ALLISON MOORE, Virginia Commonwealth University
Unknotting numbers and invariants of trivalent spatial graphs [PDF]

The unknotting number of a knot is a topological invariant that is notoriously difficulty to calculate. Unknotting numbers of knots, links, and theta curves (a type of spatial trivalent planar graph) is externally motivated by modeling problems arising in molecular biology. Generalizing the theorem of Scharlemann that unknotting number one knots are prime, we prove that if a composite thetacurve has unknotting number one, then it is the order 2 sum of an unknotting number one knot and a trivial thetacurve. We also will discuss some recent results in which we bound the unknotting numbers of spatial trivalent planar graphs by their signature and a certain slice orbifold Euler characteristic. This reports on works joint with Baker, Buck, O’Donnol and Taylor.
 PUTTIPONG PONGTANAPAISAN, Arizona State University
Random 2component links which span a lattice tube [PDF]

Atapour, Ernst, Soteros, and Whittington showed that all but exponentially few sufficiently large pairs of selfavoiding polygons, each confined to and spanning a lattice tube, are topologically linked. These systems are of interest because they can be used to model the entanglements of ring polymers in nanochannels. In this talk, we turn our attention to small tube sizes that still allow for interesting linking behaviors. These tube size constraints will enable us to compare the exponential growth rates of various families of links. This is joint work with Jeremy Eng, Rob Scharein, and Chris Soteros.
 ANDREW RECHNITZER, UBC
On BFACF and stick numbers [PDF]

The BFACF algorithm has been the standard approach to sampling selfavoiding polygons of fixed topology for over 40 years. In this talk we describe adapting BFACF to random polygons in R3.
One immediate application of this method is to improve bounds on sticknumbers  both for equilateral polygons and nonequilateral polygons. In particular, we find upper bounds for both the stick and equilateralstick numbers for all knots of 13 or fewer crossings. In some cases these upper bounds on sticknumbers actually give exact sticknumber.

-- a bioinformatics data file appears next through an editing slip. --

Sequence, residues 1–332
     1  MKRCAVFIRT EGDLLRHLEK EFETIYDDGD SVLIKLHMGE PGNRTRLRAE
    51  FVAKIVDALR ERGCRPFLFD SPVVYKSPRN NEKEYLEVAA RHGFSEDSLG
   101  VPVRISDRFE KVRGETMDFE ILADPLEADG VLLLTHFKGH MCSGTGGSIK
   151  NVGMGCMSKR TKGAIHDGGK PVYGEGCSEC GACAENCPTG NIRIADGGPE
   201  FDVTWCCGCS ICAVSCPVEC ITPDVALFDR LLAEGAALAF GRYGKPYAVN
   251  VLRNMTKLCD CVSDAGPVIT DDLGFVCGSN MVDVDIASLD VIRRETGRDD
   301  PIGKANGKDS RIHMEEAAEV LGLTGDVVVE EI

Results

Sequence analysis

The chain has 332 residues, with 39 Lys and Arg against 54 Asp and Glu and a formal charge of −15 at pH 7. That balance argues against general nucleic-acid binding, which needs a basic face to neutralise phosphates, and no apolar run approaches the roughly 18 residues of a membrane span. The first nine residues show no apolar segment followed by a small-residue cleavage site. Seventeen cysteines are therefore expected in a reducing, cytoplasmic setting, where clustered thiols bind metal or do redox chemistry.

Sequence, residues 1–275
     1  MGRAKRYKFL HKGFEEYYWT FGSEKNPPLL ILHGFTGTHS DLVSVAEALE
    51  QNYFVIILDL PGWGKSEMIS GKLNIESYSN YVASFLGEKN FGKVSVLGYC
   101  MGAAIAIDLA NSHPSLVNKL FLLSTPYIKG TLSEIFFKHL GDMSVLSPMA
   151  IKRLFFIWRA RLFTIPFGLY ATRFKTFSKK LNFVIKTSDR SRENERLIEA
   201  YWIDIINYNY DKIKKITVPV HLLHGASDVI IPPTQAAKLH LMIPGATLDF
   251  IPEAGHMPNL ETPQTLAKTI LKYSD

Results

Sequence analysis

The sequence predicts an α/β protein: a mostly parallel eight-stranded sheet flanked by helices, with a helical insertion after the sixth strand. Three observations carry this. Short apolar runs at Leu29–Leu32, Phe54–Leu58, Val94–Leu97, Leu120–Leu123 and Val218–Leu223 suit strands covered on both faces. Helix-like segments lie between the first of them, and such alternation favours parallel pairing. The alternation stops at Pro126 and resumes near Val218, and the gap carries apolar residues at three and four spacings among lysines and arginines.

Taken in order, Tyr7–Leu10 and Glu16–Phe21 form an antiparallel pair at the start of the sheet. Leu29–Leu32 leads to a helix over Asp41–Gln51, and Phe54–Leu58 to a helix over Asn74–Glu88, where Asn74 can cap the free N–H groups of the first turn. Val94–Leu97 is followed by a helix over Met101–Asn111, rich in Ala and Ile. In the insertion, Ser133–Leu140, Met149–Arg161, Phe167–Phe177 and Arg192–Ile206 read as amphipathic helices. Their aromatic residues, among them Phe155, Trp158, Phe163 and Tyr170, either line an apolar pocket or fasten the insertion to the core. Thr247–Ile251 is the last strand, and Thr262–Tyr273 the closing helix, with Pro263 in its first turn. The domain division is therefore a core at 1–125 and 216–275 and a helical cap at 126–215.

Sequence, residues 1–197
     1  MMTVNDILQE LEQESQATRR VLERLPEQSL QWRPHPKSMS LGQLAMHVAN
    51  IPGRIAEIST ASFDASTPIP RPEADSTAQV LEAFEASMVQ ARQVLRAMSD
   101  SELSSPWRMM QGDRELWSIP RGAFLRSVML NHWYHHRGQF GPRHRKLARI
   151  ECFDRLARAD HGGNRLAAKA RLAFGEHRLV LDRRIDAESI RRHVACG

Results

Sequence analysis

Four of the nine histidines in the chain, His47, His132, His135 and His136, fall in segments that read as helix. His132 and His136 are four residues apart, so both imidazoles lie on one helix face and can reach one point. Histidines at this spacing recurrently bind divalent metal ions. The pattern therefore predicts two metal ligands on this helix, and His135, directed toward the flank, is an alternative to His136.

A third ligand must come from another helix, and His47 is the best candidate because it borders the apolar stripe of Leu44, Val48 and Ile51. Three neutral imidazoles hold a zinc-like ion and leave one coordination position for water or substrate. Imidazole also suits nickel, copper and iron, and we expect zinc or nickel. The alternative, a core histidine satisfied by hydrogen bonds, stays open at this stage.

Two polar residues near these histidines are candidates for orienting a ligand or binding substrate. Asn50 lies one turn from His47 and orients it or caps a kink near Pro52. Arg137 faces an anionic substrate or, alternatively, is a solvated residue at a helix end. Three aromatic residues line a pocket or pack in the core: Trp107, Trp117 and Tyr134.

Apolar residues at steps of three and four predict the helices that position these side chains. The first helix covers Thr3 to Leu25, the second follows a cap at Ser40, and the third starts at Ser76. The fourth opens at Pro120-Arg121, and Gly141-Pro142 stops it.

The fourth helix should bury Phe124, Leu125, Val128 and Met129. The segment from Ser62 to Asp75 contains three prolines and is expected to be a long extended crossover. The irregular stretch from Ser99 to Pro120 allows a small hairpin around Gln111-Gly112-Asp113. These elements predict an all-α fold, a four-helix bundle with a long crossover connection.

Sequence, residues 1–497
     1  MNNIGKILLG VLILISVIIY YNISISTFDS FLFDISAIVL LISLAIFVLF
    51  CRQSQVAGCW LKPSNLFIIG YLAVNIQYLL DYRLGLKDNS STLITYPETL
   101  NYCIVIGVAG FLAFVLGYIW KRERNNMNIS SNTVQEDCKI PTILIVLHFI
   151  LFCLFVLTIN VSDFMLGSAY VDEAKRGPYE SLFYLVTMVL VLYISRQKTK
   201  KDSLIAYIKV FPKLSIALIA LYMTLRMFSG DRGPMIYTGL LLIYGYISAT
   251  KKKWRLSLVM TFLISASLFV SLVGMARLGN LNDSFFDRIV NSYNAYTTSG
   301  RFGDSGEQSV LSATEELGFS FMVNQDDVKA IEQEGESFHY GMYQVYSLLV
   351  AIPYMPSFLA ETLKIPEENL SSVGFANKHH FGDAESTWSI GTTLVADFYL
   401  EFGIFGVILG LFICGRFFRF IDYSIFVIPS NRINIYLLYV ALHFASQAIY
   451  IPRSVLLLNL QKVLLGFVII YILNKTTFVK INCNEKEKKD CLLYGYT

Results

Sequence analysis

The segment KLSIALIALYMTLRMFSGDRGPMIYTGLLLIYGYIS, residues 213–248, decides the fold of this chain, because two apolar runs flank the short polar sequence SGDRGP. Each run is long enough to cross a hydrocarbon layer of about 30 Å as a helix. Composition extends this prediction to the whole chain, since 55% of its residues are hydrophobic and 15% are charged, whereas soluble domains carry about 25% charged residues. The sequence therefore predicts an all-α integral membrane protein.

In many cases there remains a gap between the equilateralstick and stick number bounds. By adapting the move set of BFACF we can try to "equilateralise" polygons. This is sometimes sufficient to infer the existence of an equilateral conformation without actually producing it. We also apply the recent CoBarS method of Cantarella and Schumacher to produce equilateral conformations.
This is work together with Jason Cantarella and Clayton Shonkweiler, building on some earlier work with Nick Beaton and Nathan Clisby. Of course, any errors are entirely my own.
 ROB SCHAREIN, Hypnagogic Software
Minimal Step Numbers for Knotted $\theta$curves and Handcuff Graphs on the Simple Cubic Lattice [PDF]

We use Moriuchi's enumeration of prime $\theta$curves and handcuff graphs up to seven crossings to create instantiations of these on the simple cubic lattice. From there an implementation of the BFACF algorithm on the lattice for trivalent graphs is used to find minimal step number (MSN) candidates. This algorithm implements the exhaustive set of moves found by Tamaki. Preliminary MSN results will be shown.
 MATTHEW SCHMIRLER, University of Saskatchewan
Optimizing Lattice Polygon Models to DNA Experimental Knotting Probabilities [PDF]

We present here the results of optimizing two different lattice models of DNA, where model parameters are tuned by fitting to DNA experimental knotting probabilities obtained by Shaw and Wang (Science, 1993). The resulting knotting probability fits are of similar quality for both models; however, we observe that the model containing a shortrange bending potential has a persistence length that is much more agreeable to that of DNA. We next study how knotting probabilities in this optimized bending model change with varying DNA length, where we find remarkable agreement with knotting probability results obtained from an optimized offlattice freelyjointed chain model.
 KOYA SHIMOKAWA, Ochanomizu University
Interlocking molecules and polyhedral links [PDF]

Knots and links are ubiquitous in chemical systems. Their structure can be responsible for a variety of physical and chemical properties, making them very important in materials development. We analyze the topological structures of interlocking molecules composed of metalpeptide rings using the concept of polyhedral links. To that end, we discuss the topological classification of alternating polyhedral links. We show that the alternating link diagrams of polyhedral links of certain types do not admit nontrivial flypes. Hence, by the affirmative answer of the Tait flyping conjecture, the classification of the topology of these interlocking structures can be achieved by simply analyzing their alternating diagrams.